UK Politics

Damian Green: Timeline of his downfall

Damian Green Image copyright AFP

Damian Green, one of Theresa May's closest allies, has been sacked from the cabinet following claims that pornography was found on his office computer.

Here is a timeline of how Home Office leaks in 2008 sparked an investigation which would lead to his downfall.

8 October 2008: The Cabinet Office calls the Metropolitan Police to investigate after a series of leaked official documents from the Home Office are published in national newspapers. The leaks, about illegal immigration and other issues, embarrass the Labour government. Damian Green is the Conservatives' immigration spokesman at the time.

19 November 2008: Junior Home Office official Christopher Galley is arrested in connection with the leaked documents. No charges were brought against him, although he was later sacked.

27 November 2008: Mr Green is arrested and held by the Metropolitan Police for nine hours on suspicion of "conspiring to commit misconduct in a public office, and aiding and abetting, counselling or procuring misconduct in a public office". His home and his offices in Kent and parliament are searched. He is released on bail.

28 November 2008: Conservative leader David Cameron criticises the "heavy-handed tactics" employed by Scotland Yard.

2 December 2008: Scotland Yard announces an urgent review of its handling of the leaks probe.

8 April 2009: The officer in charge of the inquiry into the leaks, Bob Quick, is forced to resign over an alleged security breach. He was widely criticised by Tory MPs for the raid of Mr Green's offices.

16 April 2009: The Crown Prosecution Service announces Mr Green and Mr Galley will not face prosecution.

17 June 2009: A parliamentary inquiry is announced into the arrest of Mr Green.

19 August 2009: Mr Green hails a police decision to remove his DNA from a national database as a "small but significant victory for freedom".

Image copyright Elizabeth Handy
Image caption Kate Maltby says Damian Green made inappropriate advances towards her

31 October 2017: Theresa May asks Whitehall's top civil servant to investigate allegations that Mr Green, now First Secretary of State, made inappropriate advances towards journalist and activist Kate Maltby in 2015 - which he denies.

1 November 2017: Ms Maltby writes in the Times that Damian Green "fleetingly" touched her knee in a pub in 2015, and in 2016 sent her a "suggestive" text message. The 31-year-old writer and academic says the encounters left her feeling "awkward, embarrassed and professionally compromised". Mr Green says he had known Ms Maltby since 2014 and the pair "had a drink as friends twice-yearly". He said the text he had sent to her was meant to be friendly and "this untrue allegation has come as a complete shock and is deeply hurtful." He denies touching her knee in 2015.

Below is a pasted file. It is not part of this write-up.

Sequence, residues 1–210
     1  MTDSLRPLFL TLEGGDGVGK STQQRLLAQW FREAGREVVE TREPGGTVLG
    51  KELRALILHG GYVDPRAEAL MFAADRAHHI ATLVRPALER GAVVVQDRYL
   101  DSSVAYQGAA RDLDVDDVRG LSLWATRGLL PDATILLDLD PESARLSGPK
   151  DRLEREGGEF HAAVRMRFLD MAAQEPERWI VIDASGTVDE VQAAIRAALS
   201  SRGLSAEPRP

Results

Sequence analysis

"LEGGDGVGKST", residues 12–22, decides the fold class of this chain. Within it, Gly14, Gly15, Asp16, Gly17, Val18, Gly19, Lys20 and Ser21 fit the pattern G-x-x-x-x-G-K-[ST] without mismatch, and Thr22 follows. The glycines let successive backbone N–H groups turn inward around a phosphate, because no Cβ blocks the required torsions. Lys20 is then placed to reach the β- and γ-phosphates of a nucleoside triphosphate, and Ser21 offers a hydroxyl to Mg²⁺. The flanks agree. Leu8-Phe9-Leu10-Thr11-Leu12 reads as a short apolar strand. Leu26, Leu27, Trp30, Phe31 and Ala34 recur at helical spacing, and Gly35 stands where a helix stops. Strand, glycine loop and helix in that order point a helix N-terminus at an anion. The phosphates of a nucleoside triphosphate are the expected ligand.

4 November 2017: Bob Quick tells the Sunday Times pornography was found on one of Mr Green's parliamentary computers during the 2008 inquiry into the home office leaks. Damian Green says: "This story is completely untrue and comes from a tainted and untrustworthy source. The police have never suggested to me that improper material was found on my Parliamentary computer, nor did I have a 'private' computer as has been claimed."

6 November 2017: The Cabinet Office investigation is expanded to include Mr Quick's allegations.

11 November 2017: Former Metropolitan Police commissioner Sir Paul Stephenson says he had been aware of allegations about pornography being found on Mr Green's office computer. Mr Green says: "I reiterate that no allegations about the presence of improper material on my parliamentary computers have ever been put to me or to the parliamentary authorities by the police. I can only assume that they are being made now, nine years later, for ulterior motives."

1 December 2017: Former Scotland Yard detective Neil Lewis tells BBC News he was "shocked" by the amount of pornography on a computer seized from Mr Green's office in 2008, adding that the material had not been illegal.

4 December 2017: The head of the Metropolitan Police, Cressida Dick, condemns retired officers Neil Lewis and Bob Quick over their allegations, saying all officers had a duty to protect sensitive information they discovered.

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Media captionDamian Green speaking to reporters outside his home in his constituency of Ashford

5 December 2017: Mr Quick calls on Mr Green to retract his "deeply hurtful" allegations that he lied about finding "vast amounts" of pornography on the MP's computer.

18 December 2017: Theresa May receives the report on Damian Green's conduct by Cabinet Office official Sue Gray.

20 December 2017: Theresa May sacks Mr Green from the cabinet after the inquiry found he breached the ministerial code over "inaccurate and misleading" statements he made on 4 and 11 November which suggested he did not know pornography was found on his office computer in 2008.

In his resignation letter, Mr Green said statements he made could have been "clearer", conceding that his lawyers had been informed by Met Police lawyers about their initial discovery in 2008 and the police had also raised the matter with him in a phone call in 2013.

The report also found that although there were "competing and contradictory accounts of what were private meetings" between himself and Ms Maltby, the investigation found her account "to be plausible".

Mr Green apologises for making Ms Maltby feel uncomfortable in 2015.

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